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Date this web site was last edited:  12/06/2015






"A Great Afternoon in the Woods"

I recently tried a set of 10’s on my Gibson 335 that I’ve owned since ’65 (the guitar, not the strings - 12’s or 11’s are what I usually play,) and the smaller diameter dropped the G string down so far in the nut that it started buzzing. However, I liked how much easier the 10’s "seem" to play, and not being much of a guitar repair guy I thought I’d find somebody to make me a new nut. At the same time, I had just as recently purchased a Yamaha 1200 arch top whose neck was giving me fits. Obviously, I needed to find ma’self a good repair guy.

I’m not real big on guitar repair guys in general because I’ve had more bad experiences than good ones in the past (admittedly, usually due to my ultra expectations…8^) Plus, you always had to leave your guitars with them for an undetermined period of time – until they found time to work on them. But, I had heard that one of our active members, Kraig Phillips, was a good one that I should give a try if I ever needed anything done on my guitars. So, I called him to see if he would have time to work on mine. "Sure, come on out and I’ll take a look at them," he said implying immediate turn around. So, OUT I went….

OUT folks was at least an hour’s drive from Columbus through some very pretty country of Ohio. About 4 miles the other side of Johnstown – on a county road – nestled in the nicest patch of woods. I seemed to forget how far I had to drive as I drove down his winding gravel driveway that ended up in a little complex of a pond, dome house,
garage converted into a workshop, and three dogs. Kraig had a pot of coffee waiting for me in his workshop that was the dream of any wood worker. Table saw, band saw, planner(s), all kinds of sanders, routers, drill presses, and walls full of all kinds of wood working tools – to die for. In addition, however, I could immediately tell this wood shop was set up to BUILD GUITARS…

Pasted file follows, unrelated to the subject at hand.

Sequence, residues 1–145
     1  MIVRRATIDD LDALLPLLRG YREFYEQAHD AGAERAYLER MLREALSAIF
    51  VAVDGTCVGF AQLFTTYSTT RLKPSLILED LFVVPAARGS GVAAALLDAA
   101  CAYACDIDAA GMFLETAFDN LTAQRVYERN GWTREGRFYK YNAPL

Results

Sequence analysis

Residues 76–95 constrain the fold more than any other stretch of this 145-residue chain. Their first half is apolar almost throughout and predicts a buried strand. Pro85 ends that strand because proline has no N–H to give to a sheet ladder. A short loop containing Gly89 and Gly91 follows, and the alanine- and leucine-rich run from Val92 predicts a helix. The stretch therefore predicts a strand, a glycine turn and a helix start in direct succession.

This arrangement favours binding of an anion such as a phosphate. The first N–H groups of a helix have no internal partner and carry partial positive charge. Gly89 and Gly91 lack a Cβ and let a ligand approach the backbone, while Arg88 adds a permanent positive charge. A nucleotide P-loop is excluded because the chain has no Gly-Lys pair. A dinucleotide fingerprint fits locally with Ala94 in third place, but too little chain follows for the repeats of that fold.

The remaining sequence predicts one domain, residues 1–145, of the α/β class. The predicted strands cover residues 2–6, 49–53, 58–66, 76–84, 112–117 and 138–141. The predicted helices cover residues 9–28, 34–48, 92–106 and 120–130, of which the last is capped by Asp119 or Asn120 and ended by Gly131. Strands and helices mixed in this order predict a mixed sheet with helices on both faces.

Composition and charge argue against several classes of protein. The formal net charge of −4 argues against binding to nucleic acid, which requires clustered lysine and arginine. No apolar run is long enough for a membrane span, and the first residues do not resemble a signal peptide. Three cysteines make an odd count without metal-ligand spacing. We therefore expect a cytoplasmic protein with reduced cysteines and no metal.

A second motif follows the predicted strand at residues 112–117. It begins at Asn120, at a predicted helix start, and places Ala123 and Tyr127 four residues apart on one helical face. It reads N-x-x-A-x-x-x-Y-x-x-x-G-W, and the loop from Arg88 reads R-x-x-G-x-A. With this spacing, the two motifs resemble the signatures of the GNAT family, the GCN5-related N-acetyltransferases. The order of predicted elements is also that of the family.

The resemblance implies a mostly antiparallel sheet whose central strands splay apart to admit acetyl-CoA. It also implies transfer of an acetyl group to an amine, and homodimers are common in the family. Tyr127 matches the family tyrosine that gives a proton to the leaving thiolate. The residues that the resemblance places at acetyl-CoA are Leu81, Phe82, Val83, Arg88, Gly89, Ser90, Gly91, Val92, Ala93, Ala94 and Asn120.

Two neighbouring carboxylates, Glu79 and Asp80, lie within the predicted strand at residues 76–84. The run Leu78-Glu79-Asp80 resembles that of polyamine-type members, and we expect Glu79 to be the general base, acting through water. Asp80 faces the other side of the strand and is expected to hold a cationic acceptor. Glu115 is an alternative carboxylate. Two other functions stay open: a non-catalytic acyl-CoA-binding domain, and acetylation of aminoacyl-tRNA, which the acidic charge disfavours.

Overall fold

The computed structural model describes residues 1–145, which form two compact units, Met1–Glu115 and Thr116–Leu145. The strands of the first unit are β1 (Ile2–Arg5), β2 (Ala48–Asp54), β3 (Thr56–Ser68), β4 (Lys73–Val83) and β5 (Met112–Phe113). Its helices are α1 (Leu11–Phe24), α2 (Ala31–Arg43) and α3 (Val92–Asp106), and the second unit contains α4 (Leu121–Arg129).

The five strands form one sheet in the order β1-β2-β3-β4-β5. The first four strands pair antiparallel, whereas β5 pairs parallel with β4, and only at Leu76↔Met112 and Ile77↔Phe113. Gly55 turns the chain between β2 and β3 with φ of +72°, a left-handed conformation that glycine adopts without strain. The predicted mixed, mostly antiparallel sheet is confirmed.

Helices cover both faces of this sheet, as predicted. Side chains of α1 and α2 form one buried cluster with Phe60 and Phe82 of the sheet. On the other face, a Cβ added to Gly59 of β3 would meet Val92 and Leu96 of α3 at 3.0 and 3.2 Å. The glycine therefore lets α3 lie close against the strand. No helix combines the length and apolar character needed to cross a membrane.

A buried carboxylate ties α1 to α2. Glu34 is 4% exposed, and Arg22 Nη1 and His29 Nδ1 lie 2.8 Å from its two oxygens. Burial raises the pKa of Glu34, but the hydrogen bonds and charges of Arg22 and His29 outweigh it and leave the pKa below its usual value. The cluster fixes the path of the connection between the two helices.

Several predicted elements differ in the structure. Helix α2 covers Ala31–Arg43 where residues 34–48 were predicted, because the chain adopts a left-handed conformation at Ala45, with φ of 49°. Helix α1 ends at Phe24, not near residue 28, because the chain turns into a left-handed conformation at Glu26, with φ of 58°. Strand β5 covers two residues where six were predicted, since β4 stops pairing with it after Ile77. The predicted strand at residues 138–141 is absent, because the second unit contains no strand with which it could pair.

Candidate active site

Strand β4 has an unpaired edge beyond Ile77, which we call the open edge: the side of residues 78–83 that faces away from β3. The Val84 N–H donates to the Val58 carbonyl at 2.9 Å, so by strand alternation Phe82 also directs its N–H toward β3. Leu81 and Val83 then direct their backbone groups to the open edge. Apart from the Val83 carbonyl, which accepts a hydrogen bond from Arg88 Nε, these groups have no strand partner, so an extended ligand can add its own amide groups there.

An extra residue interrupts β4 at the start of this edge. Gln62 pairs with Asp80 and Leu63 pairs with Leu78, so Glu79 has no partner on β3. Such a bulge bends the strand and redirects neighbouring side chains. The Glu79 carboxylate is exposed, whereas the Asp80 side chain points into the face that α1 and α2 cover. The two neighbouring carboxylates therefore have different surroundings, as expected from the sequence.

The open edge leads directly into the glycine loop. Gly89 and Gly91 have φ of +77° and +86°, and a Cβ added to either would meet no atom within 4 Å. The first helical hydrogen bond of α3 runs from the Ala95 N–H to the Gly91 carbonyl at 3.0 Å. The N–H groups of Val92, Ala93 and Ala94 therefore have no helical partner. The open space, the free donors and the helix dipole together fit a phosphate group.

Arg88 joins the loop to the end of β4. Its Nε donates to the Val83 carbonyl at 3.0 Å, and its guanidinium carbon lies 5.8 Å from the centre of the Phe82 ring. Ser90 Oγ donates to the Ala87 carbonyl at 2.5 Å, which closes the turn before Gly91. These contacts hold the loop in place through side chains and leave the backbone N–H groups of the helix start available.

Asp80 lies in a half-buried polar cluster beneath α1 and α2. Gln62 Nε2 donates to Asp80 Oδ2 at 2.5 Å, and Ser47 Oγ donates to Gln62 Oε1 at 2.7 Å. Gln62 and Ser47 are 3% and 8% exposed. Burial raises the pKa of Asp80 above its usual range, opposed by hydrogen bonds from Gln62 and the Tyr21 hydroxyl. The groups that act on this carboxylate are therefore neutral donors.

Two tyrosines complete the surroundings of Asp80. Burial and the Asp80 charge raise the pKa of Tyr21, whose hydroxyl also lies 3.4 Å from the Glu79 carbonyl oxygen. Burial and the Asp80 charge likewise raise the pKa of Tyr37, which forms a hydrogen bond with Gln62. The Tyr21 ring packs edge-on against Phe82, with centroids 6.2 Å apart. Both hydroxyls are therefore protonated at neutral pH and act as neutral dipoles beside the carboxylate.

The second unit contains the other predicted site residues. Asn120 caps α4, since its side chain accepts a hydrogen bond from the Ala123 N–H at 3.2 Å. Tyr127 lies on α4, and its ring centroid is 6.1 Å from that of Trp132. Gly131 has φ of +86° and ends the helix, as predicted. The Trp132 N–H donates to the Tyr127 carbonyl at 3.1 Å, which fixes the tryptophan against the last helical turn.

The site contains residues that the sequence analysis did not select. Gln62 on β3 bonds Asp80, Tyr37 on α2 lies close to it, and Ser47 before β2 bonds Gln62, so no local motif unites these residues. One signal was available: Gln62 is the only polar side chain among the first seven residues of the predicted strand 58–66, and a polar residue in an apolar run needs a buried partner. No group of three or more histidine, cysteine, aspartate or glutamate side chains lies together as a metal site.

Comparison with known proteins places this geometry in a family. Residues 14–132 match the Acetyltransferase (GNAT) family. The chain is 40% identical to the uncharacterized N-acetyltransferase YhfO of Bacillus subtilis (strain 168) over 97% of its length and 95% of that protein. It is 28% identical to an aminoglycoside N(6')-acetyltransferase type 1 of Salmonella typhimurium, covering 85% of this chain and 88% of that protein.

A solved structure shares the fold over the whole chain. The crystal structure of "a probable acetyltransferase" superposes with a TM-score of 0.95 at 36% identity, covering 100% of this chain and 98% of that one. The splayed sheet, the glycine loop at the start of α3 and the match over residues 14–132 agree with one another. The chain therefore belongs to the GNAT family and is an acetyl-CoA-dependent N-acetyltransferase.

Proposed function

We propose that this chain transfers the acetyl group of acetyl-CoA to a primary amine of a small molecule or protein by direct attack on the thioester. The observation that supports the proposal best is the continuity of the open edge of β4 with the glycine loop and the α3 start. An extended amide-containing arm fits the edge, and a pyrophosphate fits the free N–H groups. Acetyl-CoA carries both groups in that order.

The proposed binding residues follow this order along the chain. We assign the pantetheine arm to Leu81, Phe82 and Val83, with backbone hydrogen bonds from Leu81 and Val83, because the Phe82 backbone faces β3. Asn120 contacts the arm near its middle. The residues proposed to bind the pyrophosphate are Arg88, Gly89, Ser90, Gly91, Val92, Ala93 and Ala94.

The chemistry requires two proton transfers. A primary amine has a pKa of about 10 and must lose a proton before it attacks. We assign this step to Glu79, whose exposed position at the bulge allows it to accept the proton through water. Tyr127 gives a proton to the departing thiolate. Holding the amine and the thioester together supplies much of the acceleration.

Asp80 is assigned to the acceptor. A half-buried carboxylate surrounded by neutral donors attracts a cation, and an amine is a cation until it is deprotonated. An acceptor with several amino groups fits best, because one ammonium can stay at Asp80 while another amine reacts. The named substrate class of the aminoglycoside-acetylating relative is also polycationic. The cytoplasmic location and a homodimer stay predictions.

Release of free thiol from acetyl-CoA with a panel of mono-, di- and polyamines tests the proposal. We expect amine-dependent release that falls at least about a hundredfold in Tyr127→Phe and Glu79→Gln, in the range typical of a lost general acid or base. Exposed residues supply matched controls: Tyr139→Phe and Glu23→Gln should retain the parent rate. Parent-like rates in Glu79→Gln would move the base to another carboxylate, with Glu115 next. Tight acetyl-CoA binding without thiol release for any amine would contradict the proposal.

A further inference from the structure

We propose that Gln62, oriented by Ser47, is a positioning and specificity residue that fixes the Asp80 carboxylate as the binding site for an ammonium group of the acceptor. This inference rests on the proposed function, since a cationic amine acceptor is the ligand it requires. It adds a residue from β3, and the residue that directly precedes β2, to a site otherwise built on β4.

Forms, clamps, molds, templates, a stockpile of quality flat wood – and, the sure give away was several arch top and Selmer style guitars laying around in various stages of completion. "Phillips" guitars – I believe…. It looked like I had come to the right place.While he took a look at the Yamaha he pointed me to a stack of old Fret magazines he had looked up and brought out for me to peruse -
one of which was opened to an article on how Paul Yandell was Chet’s "new" rhythm man. Complete with pictures of Paul with lots of DARK hair. (Have any of you ever got this treat- ment in a regular guitar store?) Gladly I looked through the rest of the mags while he finished up working the neck and bridge of the arch top – sharing stories of how he got started into building guitars.
Seems he had to make a decision a long time ago whether to PLAY the guitar, or BUILD them. He looks to be around 40 years old – and, he still hasn’t made up his mind…..Another cup of joe for me and he handed me the Yamaha while he commenced building a new nut for the 335. Kraig is more of a rock, blues, jazz flat picker, so he seemed
quite interested in my thumb pickin’ style of playing while we continued bs’in’ about guitars… When I got to just trying the chords to Georgia On My Mind that I tried to teach my son Clayton recently for his middle school jazz band (in E freeken’ flat) I got to the end of the first chorus and mentioned I wish I knew a neat little turn to show him right "here." Kraig put down his tool
and took hold of the 1200 and ripped off a super little turn around right where I had asked for one. The guitar back in my hands, he took the next few minutes to show me whar to put ma’ fangers to create the same turn. AND, I GOT A GUITAR LESSON…..

When he got through with the TC-335 (the true love of my life) we played with the dogs a bit, finished up the last of the coffee, and headed down

into Johnstown for a little lunch. What an afternoon in the woods. This urbanite got his guitars "set-up", saw some great country side, got a guitar lesson, met a true guitar artist – player and luthier, and a new friend. Kriag Phillips  phillipsguitars1@phillipsguitars.com 

Palmer Moore – Organizer
Ohio Fingerstyle Guitar Club